WEST SIMSBURY, Conn. — Rachel Aviles was one of the most popular kids at The Master’s School, a K-12 Christian school in West Simsbury. She played sports, kept her grades up, and enthusiastically signed up for any extracurricular activity that would have her, this despite the fact that she isn’t a Christian, though she insists she respects the faith.
This was to be her senior year and a former coach says she would have been up for all kinds of awards. But last spring she went on a class trip where several students, Aviles among them, pretended to be married. They made “wifey” phone calls to one another. They held hands — not unusual among same-sex friends at Master’s, Aviles said.
“Looking back, it was kind of stupid,” said Aviles, of Hartford. “But it was harmless.”
Word got back to the administration, and the students were called in and questioned about their sexual orientation. When it was her turn, Aviles told administrators that she is a lesbian. Her friends knew. Teachers didn’t.
Aviles said she was encouraged to withdraw, rather than be expelled. “It was a not thinly veiled threat,” said Beth Miller, who met Aviles when the student applied to Hartford Youth Scholars Foundation in ’07.
Legally, private schools — secular and otherwise — have more leeway as to whom to accept within their ranks. The school’s headmaster, Jon Holley, said he wouldn’t discuss Aviles because of privacy concerns, but Aviles’ former coach, Heather Lodovico, said when she withdrew, Aviles sent her coach a text message.
“She texted me and said something like ‘They kicked me out,’ and I made a joke, ‘What, are you pregnant?’ and she said, ‘No, worse. I’m gay,’” said Lodovico.
The coach said she immediately got on the phone to see if the decision could be reversed, but no.
“She’s a fantastic kid,” said Lodovico. “My reaction was: ‘Wow. Your God’s really small.’ Whether it’s a sin or not, take that out of the picture, and this is still wrong. I think God’s up there shaking His head going, ‘Really? Really?’
“From what I understand from talking to Master’s, it wasn’t the place for her,” she said. “She wasn’t a Christian and since she believed she’s gay, Master’s was not a fix for her. She could withdraw or they would expel her.”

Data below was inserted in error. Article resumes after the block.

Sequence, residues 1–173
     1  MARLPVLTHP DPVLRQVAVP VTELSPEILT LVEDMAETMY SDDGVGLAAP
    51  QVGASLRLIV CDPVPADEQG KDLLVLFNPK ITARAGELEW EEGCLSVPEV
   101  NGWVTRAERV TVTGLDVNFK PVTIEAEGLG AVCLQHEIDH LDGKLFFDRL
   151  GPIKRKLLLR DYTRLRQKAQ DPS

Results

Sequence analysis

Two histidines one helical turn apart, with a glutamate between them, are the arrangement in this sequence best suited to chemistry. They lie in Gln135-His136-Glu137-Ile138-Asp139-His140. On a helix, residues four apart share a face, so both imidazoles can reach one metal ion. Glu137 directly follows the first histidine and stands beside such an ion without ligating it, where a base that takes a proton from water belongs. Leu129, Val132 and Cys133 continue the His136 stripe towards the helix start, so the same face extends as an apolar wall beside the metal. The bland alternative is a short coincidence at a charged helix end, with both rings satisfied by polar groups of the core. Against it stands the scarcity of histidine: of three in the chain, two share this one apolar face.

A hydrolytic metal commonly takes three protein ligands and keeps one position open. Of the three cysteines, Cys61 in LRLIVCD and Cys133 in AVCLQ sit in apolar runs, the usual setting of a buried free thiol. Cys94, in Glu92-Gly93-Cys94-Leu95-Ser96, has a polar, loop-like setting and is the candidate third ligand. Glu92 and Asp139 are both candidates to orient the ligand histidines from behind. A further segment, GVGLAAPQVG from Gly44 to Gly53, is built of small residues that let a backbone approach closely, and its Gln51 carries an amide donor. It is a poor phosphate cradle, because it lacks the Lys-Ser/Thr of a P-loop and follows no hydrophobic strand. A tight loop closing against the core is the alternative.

Lodovico said she didn’t know her student’s sexual orientation. “It never came up,” she said. “I had no idea.”
Nor did she think Master’s would take this stance.
“I wouldn’t say they were liberal, but they were laid-back,” said Lodovico. “I never saw anything about Master’s that would lead me to believe they would do something like this. One of the things they pride themselves on is they let kids be unique and express themselves.”
Lodovico has since moved to Florida to teach and coach.
“They say they accept all religions, they don’t discriminate,” she said. “They’re holding their standards, but those are not even made clear.” The website mentions nothing about sexual orientation, and there is no faith clause, she said.
“I think my big problem with the church and Christian schools is if you’re going to accept folks outside the religion, how do they know what the standards are?” said Lodovico. “If you don’t make those clear, then let’s let kids know what they’re getting into. Let parents know.”
Miller said Aviles was a stand-out at the foundation, which trains students to apply for scholarships to private schools.
“She stood out right away as super confident with a great sense of humor,” said Miller. “She always stuck out that way. She wasn’t a perfect kid, but none of our kids were. We took kids who had potential, the kids who got lost in the shuffle. That’s the kind of kid Rachel was.”
Still, when Aviles sat down to talk about her leaving Master’s, the first thing she said was she didn’t want Master’s to look bad.
“Just because you’ve been wronged doesn’t mean you have the right to wrong back,” said the newest member of Watkinson Class of ’12.
Oh! The irony! The non-believing high school senior, turning the other cheek. That sounds downright Christian, doesn’t it?